Junk bonds are trading within a half cent of face value for the first time since June 2007 in a sign investors are convinced the economic recovery and profit growth will keep the neediest borrowers from defaulting.
High-yield bonds rose to 99.67 cents on the dollar, up from a low of 54.78 cents in December 2008, according to Bank of America Merrill Lynch index data (the chart below is the BarCap High Yield index). The debt last reached par on June 11, 2007, just before credit markets began to seize up as losses on subprime mortgages spread.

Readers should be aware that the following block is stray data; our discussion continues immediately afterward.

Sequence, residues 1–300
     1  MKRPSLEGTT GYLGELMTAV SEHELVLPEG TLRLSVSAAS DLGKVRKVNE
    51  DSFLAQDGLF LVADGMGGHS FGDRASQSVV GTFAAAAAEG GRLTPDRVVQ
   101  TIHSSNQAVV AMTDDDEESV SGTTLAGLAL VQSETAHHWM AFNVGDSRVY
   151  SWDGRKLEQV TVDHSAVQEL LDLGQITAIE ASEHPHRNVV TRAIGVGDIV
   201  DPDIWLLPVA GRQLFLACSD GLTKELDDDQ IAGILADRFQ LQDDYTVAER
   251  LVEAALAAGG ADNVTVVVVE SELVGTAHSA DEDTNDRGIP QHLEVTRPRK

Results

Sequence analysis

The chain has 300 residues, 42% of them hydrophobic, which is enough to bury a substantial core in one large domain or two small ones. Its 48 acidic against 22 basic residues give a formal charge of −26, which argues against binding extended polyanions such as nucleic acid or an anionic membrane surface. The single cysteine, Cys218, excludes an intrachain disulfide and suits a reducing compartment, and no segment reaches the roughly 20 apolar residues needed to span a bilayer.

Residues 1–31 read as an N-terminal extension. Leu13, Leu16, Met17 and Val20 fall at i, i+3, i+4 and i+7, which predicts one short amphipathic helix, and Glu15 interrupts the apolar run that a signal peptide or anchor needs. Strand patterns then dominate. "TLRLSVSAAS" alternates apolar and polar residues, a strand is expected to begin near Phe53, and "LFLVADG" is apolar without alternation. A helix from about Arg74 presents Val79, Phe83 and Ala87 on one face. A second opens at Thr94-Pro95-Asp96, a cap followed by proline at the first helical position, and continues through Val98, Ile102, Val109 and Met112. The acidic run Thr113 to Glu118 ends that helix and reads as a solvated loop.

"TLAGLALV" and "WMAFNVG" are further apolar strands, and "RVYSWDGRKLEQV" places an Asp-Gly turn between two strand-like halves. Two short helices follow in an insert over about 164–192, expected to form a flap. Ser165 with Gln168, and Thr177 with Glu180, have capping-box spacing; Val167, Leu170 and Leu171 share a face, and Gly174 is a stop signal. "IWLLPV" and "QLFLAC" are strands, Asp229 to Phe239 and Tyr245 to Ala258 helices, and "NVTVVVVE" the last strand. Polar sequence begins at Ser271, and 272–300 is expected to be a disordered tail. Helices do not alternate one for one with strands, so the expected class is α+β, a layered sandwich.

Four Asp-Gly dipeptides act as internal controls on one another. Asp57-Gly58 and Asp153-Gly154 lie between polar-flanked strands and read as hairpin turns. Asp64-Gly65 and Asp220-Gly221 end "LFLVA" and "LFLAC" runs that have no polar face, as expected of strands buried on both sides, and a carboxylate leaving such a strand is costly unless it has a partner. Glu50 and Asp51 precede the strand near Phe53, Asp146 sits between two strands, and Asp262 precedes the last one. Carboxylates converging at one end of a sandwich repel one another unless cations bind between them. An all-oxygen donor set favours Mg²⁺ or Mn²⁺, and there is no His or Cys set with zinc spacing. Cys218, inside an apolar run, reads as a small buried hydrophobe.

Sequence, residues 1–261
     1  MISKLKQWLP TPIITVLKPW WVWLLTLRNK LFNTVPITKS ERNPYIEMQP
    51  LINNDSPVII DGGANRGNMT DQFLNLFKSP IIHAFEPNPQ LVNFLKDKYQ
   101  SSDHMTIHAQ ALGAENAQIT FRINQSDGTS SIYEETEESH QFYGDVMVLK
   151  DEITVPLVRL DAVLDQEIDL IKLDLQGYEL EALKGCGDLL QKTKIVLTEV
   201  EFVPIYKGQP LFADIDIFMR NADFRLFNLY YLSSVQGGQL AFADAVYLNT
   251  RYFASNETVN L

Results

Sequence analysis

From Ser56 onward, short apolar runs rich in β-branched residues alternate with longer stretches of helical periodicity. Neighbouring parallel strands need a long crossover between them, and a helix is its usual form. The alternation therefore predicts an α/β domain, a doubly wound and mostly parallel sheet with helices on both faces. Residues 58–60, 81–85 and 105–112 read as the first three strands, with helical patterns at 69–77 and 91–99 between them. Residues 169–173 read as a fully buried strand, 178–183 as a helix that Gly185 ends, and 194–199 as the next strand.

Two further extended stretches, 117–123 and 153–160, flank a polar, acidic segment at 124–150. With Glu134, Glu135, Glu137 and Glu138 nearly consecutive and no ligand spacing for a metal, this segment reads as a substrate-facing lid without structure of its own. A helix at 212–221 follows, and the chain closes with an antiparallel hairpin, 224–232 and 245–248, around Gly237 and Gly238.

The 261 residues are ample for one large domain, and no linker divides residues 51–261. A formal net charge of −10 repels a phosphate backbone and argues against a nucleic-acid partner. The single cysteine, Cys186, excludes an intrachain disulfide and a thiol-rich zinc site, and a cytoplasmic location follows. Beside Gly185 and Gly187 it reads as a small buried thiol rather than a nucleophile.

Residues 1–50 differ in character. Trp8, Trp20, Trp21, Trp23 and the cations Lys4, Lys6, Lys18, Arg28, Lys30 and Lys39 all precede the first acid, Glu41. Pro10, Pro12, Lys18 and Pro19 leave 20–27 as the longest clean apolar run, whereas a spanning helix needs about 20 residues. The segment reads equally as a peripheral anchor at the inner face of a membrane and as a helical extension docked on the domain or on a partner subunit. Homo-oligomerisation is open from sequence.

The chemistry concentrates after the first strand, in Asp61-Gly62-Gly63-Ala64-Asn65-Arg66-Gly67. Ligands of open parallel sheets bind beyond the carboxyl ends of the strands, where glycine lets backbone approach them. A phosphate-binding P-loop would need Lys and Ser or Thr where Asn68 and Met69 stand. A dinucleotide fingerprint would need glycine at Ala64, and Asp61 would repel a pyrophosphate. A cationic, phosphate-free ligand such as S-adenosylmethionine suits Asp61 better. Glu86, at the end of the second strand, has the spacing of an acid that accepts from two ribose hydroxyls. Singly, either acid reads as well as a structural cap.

JPMorgan Chase & Co. and Morgan Stanley Investment Management are recommending investors buy the debt, even after it returned 86 percent since the market bottomed in 2008. Rising profits are making it easier for companies to meet payments, leading Moody’s Investors Service to raise its ratings on 143 junk bonds this year and downgrade 105, data compiled by Bloomberg show. Last year it upgraded 229 and lowered 902.